A man who defrauded the National Disability Insurance Agency of more than $300,000 has been jailed for at least 16 months.
Chief Judge Peter Kidd said Mitchell John Landry, of Bendigo in central Victoria, had "seized the opportunity to cheat the system" in his "not overly sophisticated" offending.
The 23-year-old, who in March pleaded guilty to defrauding and attempting to defraud the NDIA, was sentenced to three years in prison.
After 16 months in custody, Landry will be released on a three-year good behaviour bond.
The County Court heard Landry, the owner of Mitchell's Mowing and Property Services, received $342,940.51 for false service bookings he made to the NDIA in 2018.
Landry also pleaded guilty to attempting to defraud the NDIA of a further $156,338.42.
Landry's business initially provided legitimate services, for which he received payments from the NDIA.
But the 23-year-old went on to make the fraudulent claims, including more than 1000 hours of work for a client in NSW over an eight-month period, and more than 1200 hours of work for another client in an overlapping time frame.
IN OTHER NEWS:
He accessed the accounts of 24 NDIS participants through his fraudulent actions.
The court heard Landry used the money he received from the NDIA to buy a Mercedes Benz Sprint Van and several properties in the Bendigo area.
In a victim impact statement, the mother of one NDIS participant said she now had issues trusting the NDIS and feared it would happen again.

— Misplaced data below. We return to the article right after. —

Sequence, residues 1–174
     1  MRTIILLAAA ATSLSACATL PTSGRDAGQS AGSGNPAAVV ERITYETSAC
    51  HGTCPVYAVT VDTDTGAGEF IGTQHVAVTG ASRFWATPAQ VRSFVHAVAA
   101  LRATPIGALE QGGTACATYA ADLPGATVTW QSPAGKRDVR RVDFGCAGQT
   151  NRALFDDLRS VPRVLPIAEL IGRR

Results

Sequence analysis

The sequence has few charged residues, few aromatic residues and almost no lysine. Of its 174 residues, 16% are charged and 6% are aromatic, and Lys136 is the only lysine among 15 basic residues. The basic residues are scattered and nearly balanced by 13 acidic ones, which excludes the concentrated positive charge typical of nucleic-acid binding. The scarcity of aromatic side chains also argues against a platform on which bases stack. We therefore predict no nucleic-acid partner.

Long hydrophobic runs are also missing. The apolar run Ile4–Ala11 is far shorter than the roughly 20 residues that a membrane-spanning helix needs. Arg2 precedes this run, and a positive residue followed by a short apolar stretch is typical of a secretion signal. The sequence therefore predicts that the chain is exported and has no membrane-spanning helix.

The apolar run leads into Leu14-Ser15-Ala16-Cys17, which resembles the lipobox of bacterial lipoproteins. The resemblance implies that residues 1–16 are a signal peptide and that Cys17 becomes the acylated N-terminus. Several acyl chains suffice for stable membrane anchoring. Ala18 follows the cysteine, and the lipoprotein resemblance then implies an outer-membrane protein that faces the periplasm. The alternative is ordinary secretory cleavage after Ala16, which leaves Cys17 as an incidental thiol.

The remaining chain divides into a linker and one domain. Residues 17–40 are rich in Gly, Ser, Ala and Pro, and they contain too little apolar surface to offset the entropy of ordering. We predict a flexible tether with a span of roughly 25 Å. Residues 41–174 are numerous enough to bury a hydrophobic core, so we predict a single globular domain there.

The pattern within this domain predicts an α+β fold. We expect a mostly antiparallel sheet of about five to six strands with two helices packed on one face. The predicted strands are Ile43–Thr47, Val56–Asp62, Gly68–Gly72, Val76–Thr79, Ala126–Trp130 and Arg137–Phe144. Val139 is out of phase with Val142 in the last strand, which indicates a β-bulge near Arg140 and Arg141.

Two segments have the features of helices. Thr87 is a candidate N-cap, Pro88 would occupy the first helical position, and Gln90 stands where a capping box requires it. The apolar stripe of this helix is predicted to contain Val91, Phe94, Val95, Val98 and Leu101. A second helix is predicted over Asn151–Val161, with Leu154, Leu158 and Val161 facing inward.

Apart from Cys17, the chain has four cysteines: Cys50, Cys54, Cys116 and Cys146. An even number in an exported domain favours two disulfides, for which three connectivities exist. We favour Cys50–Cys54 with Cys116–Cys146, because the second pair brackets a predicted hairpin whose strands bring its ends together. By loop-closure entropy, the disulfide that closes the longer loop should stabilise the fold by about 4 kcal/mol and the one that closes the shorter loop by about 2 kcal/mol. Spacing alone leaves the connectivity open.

The woman said she was hyper-vigilant about services provided after the money was illegally taken from her daughter's plan.
Defence counsel Charles Morgan last month tendered a report from a clinical neuropsychologist, which showed Landry had a longstanding fixation with money.
The report also noted there was a causal link between Landry's autism spectrum disorder diagnosis and his offending, although it was hard to determine the extent of that connection.
Chief Judge Kidd said on the evidence before him, he could conclude that Landry's disorder had some impact on his offending, although it was not a considerable impact.
The judge noted Landry's "impulsiveness" disinhibited his actions, although there was "no doubt" that the 23-year-old had been broadly motivated by greed.
"It was not an isolated act of dishonesty," Chief Judge Kidd said. "There was a level of calculation and persistence. You knew what you were doing was wrong."
Chief Judge Kidd said in sentencing, he needed to take into account Landry's "disjointed" and "unstable" childhood.
The judge said Landry was "isolated" in his decision making despite being "less equipped" to make such decisions.
Chief Judge Kidd said he would consider Landry as a relatively young, first-time offender of previous good character.
The judge said the sentence would be moderated, given Landry had paid back the money to the NDIA and pleaded guilty at an early opportunity during the COVID-19 pandemic.
Chief Judge Kidd also noted Landry's rehabilitation prospects were "fairly good", although they were dependent on Landry receiving treatment for his "troubling" impulsive behaviour.
The judge said ultimately he needed to show Landry and the community that this offending was not acceptable.
"A term of imprisonment is required," Chief Judge Kidd said. "No other sentence is appropriate."
Landry was convicted and jailed for three years. He will be released from custody after 16 months and placed on a three-year good behaviour bond with a $5000 security.
If Landry did not plead guilty, he would have been jailed for four years and 10 months, with a non-parole period of two years and 10 months.